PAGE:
Nintendo says sayonara to the original Wii

After racking up more than 100 million units sold worldwide, Nintendo ends production on one of its most successful pieces of hardware and focuses solely on the Wii U.


Nintendo on Monday pulled the plug on the original Wii, a modest end to the best-selling console of the current generation. The company hinted at the move earlier this month, and it has officially followed through with a simple posting of the words "seisan shuuryou," or "production ended," on its Japanese Web site.

The Wii, the first video game console to make motion control mainstream, was considered an underdog when it first hit store shelves in 2006. It didn't sport high-definition graphics -- an exclusion that made it the butt of many Sony and Microsoft fanboy jokes -- and skepticism was the order of the day for its apparent indifference to the hard-core gaming community and for its eagerness to rope in fitness junkies and families. But it went on to both outsell the Xbox 360 and PlayStation 3, with more than 100 million units sold worldwide.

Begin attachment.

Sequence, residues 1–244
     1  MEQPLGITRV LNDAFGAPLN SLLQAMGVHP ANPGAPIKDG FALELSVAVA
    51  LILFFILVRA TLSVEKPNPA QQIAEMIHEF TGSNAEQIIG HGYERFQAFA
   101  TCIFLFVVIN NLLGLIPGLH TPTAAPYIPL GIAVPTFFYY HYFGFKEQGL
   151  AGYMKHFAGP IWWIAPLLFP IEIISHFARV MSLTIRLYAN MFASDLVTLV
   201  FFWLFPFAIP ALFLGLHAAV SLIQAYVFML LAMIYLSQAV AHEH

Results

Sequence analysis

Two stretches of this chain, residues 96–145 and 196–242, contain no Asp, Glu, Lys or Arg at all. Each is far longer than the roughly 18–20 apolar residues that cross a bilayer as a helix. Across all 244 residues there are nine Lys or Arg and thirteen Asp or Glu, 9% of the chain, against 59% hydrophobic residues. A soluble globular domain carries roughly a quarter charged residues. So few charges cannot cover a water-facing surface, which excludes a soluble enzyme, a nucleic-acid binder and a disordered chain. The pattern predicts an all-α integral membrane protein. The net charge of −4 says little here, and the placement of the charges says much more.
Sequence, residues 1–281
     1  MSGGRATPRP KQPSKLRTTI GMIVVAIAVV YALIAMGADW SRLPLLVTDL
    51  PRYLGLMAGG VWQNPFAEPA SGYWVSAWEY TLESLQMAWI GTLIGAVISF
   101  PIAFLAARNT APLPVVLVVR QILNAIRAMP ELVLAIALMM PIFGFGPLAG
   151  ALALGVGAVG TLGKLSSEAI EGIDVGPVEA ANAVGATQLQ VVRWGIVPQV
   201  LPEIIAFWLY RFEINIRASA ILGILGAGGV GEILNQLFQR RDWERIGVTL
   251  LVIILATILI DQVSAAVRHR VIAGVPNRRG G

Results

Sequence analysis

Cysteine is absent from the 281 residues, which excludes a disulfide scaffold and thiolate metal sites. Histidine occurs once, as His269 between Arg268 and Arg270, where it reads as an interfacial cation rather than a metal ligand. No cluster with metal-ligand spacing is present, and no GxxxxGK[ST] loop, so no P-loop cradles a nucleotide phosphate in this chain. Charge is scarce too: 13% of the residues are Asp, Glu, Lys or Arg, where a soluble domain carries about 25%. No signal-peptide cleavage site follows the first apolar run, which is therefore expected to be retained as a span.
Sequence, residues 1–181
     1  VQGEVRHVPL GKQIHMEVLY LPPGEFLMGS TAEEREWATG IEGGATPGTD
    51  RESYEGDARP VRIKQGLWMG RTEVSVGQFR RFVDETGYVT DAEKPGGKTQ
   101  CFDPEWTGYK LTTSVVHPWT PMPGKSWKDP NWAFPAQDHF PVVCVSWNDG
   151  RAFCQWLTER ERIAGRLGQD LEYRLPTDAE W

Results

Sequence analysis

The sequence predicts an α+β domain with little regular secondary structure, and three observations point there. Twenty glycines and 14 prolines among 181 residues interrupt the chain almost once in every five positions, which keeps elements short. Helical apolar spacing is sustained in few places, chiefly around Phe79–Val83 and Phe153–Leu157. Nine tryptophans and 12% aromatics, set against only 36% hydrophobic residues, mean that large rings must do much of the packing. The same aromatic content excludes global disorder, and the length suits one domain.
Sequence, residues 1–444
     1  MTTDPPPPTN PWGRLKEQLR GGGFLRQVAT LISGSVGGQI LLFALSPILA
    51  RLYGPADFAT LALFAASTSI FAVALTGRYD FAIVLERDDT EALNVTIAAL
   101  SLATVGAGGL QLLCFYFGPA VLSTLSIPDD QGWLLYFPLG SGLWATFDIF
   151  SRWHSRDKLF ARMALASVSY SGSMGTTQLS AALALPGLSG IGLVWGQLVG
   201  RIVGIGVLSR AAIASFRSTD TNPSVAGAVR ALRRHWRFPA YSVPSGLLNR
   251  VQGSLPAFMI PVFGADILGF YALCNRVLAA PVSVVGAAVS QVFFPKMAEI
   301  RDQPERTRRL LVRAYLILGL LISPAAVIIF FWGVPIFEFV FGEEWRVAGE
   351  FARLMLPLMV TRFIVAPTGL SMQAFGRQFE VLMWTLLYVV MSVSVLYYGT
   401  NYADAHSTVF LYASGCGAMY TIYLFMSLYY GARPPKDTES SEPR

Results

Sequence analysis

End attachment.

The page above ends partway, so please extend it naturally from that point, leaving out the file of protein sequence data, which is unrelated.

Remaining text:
When Nintendo Japan's Web page for the Wii read, "Manufacturing is scheduled to end soon," earlier this month, a Nintendo spokesman, speaking with AFP, confirmed the discontinuation, saying, "Our new generation Wii U console is already on the market and allows users to play software originally designed for the Wii."

Putting every ounce of its energy towards the Wii U may be a smartest move for Nintendo at this point. Despite the massive success of the original Wii, its successor's sales have been lackluster , forcing price cuts and pushing Nintendo to bet big on the nostalgia-driven success of legacy titles from its Super Mario, Zelda, and Donkey Kong franchises.

(Via Kotaku)

About the author

Nick Statt is a staff writer for CNET. He previously wrote for ReadWrite and was a news associate at the social magazine app Flipboard. He spends a questionable amount of his free time contemplating his relationship with video games while continuously exploring the convergence of tech, science and pop culture.


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